Showing 249 result(s) for:
Tags: Forest Governance
27 June 2016
English

CAFI Poster

uploaded by Estelle Fach

What is CAFI ? How does it work, and how is it different ? Why are central African Forests so important ? This poster (for online or A3 printing) summarizes the key features of the Central African Forest Initiative. Also in French here : http://www.unredd.net/index.php?option=com_docman&view=download&alias=15589-poster-cafi-fr&category_slug=donors-institutional-partners-210&Itemid=134

27 June 2016
English

CAFI Poster

uploaded by Estelle Fach

What is CAFI ? How does it work, and how is it different ? Why are central African Forests so important ? This poster (for online or A3 printing) summarizes key features. 

13 June 2016
French

Régimes fonciers et REDD+

uploaded by Amanda Bradley

This French version of the Policy Brief introduces issues related to tenure in the context of REDD+ and presents UN-REDD's approach to addressing them. 

07 June 2016
English

Land Tenure Considerations in Sri Lanka's Proposed National REDD+ Strategy

uploaded by Amanda Bradley

At the request of the Sri Lankan Government an assessment was designed and conducted as part of the development of the country’s national strategy on REDD+.  The assessment involved applying criteria from the Voluntary Guidelines on the Responsible Governance of Tenure of Land, Fisheries, and Forests (VGGT) to analyze the tenure implications for a wide array of proposed policies and measures (PAMs) to address deforestation and forest degradation.  The assessment will help Sri Lanka to prioritize and make investment decisions among the PAMs. It is foreseen that the methodology could be applied in other countries. 

The assessment identified the range of risks and benefits related to tenure associated with PAMs under consideration as part of the REDD+ Strategy.  Some PAMs were deemed to have high risks or tenure implications such as actions to crack down on forest encroachment and improvements in land use planning coordination. On the other hand, some other potential actions such as conducting a forest inventory, were less associated with tenure issues.  The VGGT provided the criteria by which to make these judgments as well as guiding principles to help adjust the PAMs to bring them in line with the principles of responsible tenure governance.  The Cancun Safeguards and World Bank Environmental and Social Framework and Operational Policies were also referred to in building the framework for analysis.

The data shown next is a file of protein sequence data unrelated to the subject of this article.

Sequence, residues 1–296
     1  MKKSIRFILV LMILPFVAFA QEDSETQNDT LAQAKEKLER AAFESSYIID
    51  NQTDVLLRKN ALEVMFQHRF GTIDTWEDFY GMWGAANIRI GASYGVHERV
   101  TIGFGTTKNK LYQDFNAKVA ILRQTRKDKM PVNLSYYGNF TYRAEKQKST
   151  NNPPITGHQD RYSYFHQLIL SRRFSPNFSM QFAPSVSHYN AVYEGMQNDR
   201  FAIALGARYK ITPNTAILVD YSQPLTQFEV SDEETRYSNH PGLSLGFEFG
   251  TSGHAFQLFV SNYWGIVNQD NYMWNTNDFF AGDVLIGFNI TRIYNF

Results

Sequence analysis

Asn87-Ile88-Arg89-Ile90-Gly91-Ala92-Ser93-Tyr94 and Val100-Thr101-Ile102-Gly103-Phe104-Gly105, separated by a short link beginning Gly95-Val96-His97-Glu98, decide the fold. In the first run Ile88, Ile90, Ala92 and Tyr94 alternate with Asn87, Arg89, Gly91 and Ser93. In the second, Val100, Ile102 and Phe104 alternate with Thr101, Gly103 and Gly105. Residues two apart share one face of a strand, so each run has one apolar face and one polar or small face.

23 May 2016
English

CAFI Presentation

uploaded by Estelle Fach

Presentation by CAFI at the UNFCCC Voluntary meeting of the REDD+ focal points 

20 January 2016
English

Forests, climate change, and equity in Viet Nam: REDD+ equity challenges and solutions according to national stakeholders

uploaded by RECOFTC The Center for People and Forests

Equity has featured prominently in international climate change discussions since the establishment of the United Nations Framework Convention on Climate Change (UNFCCC) in 1992. Looking forward, equity is expected to be of even greater relevance in this year’s hoped for landmark climate agreement, to be finalized at the 21st Conference of the Parties (COP21) in Paris. Reducing Emissions from Deforestation and Forest Degradation (REDD+) remains a focal point of global debate at the intersection of forest and climate change policy. While the exact financing mechanism for REDD+ has yet to be determined, it is clear that demonstrating equity will be an essential part of accessing REDD+ payments and financing in the future.

At the national level, Viet Nam recognizes the importance of equity for ensuring an effective REDD+ framework. Therefore, this brief is designed to present key REDD+ equity challenges, as identified by national policy makers and stakeholders in Viet Nam, and potential solutions to address those challenges. By highlighting national equity priorities identified during a workshop held in advance of COP21, we aim to ensure that future capacity development efforts are directed where there is the greatest need and national buy-in. The priority equity issues identified in Viet Nam include: tenure and resource rights, access to information, and benefit sharing.

20 January 2016
English

Forests, climate change, and equity in Lao PDR: REDD+ equity challenges and solutions according to national stakeholders

uploaded by RECOFTC The Center for People and Forests

Equity has featured prominently in international climate change discourse since the establishment of the United Nations Framework Convention on Climate Change (UNFCCC) in 1992. Looking forward, equity is expected to be of even greater relevance in this year’s hoped for landmark climate agreement, to be finalized at the 21st Conference of the Parties (COP21) in Paris. Reducing Emissions from Deforestation and Forest Degradation (REDD+) remains central in global conversations at the intersection of forest and climate change policy. While the exact financing mechanism for REDD+ has yet to be determined, it is clear that demonstrating equity will be essential for accessing REDD+ financing in the future.

Lao PDR recognizes the importance of equity for ensuring an effective REDD+ framework. Therefore, this brief is designed to present key REDD+ equity challenges as identified by national policy makers and other stakeholders in Lao PDR and potential solutions to address those challenges. By highlighting national equity priorities identified during a workshop held in advance of COP21, we aim to ensure that future capacity development efforts are directed where there is the greatest need and national buy-in. Priority equity issues identified in Lao PDR include: benefit sharing, participation and decision making, and livelihoods.

20 January 2016
English

Equity in forests and REDD+: An analysis of equity challenges as viewed by forestry decision-makers and practitioners in Cambodia, Lao PDR and Viet Nam

uploaded by RECOFTC The Center for People and Forests

Considerable debate has developed in recent years over the potential of Reducing Emissions from Deforestation and Forest Degradation (REDD+) to either rectify or exacerbate social inequities in tropical forest countries. Despite agreement on the importance of equity issues in REDD+, few studies have considered differences in equity and equitable outcomes as understood at national and local levels, and related contextspecific barriers that frustrate the achievement of equitable outcomes. This paper surveys perceptions of REDD+ related challenges to equity and potential solutions of forestry decision-makers and practitioners in three Mekong countries.